The perks of massive cities amid distant work and rental inflation

Many renters believe that a cost-of-living crisis is brewing in America’s major cities.

New York City is proving to be a rental inflation hotspot. The median rent for one-bedroom apartments in Manhattan rose to $3,995 a month in May 2022 — a 41% increase from a year earlier, according to Zumper.

Sudden double-digit rent spikes hit other centers including Chicago, Los Angeles and Austin, Texas. Zumper data shows that growth is particularly strong in Sun Belt cities like Miami, where rents rose to $2,700 per month in May 2022, a 64% increase from a year earlier.

During the pandemic, workers fled the largest US cities. Two years later, tenants have returned, but many commuters have not yet, as companies negotiate the details of a return to the office. Officials are concerned about delays in public transit ridership in cities like New York.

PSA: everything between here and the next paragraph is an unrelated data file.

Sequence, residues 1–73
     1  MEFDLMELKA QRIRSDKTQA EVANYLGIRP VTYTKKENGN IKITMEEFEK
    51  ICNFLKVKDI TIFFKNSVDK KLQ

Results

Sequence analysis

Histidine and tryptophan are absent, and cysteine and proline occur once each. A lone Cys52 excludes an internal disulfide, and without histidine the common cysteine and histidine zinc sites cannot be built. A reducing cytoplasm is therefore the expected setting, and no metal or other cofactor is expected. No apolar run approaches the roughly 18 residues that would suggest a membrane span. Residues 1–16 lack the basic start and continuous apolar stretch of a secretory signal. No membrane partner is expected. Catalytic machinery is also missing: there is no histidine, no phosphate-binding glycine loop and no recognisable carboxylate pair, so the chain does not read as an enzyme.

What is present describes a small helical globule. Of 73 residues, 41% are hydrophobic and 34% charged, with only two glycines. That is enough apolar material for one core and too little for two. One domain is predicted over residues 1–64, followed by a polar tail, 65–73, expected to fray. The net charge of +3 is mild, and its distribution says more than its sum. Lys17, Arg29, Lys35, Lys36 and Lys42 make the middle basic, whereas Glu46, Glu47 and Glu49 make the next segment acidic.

Ed Glaeser, an economist at Harvard University, says cities are becoming more important – not less – in the age of remote work. “If you zoom to work, you miss the opportunity to observe the elderly, to see what they have been doing and to learn from them,” he told CNBC in an interview.

But for renters, returning to increasingly expensive cities might seem like a crude deal, especially if they can get their work done from home.

Researchers say remote work is limiting companies’ ability to train new employees. Data compiled by Microsoft employees suggests it’s harder to share detailed information remotely, which can lead to silos within organizations’ grassroots.

“A lot of these tech companies are saying they can work remotely,” said Andra Ghent, a professor of finance at the University of Utah. “But you know, in many cases they also say that we won’t pay you quite the same amount.”

Watch the video above to find out if big cities are still worth it.

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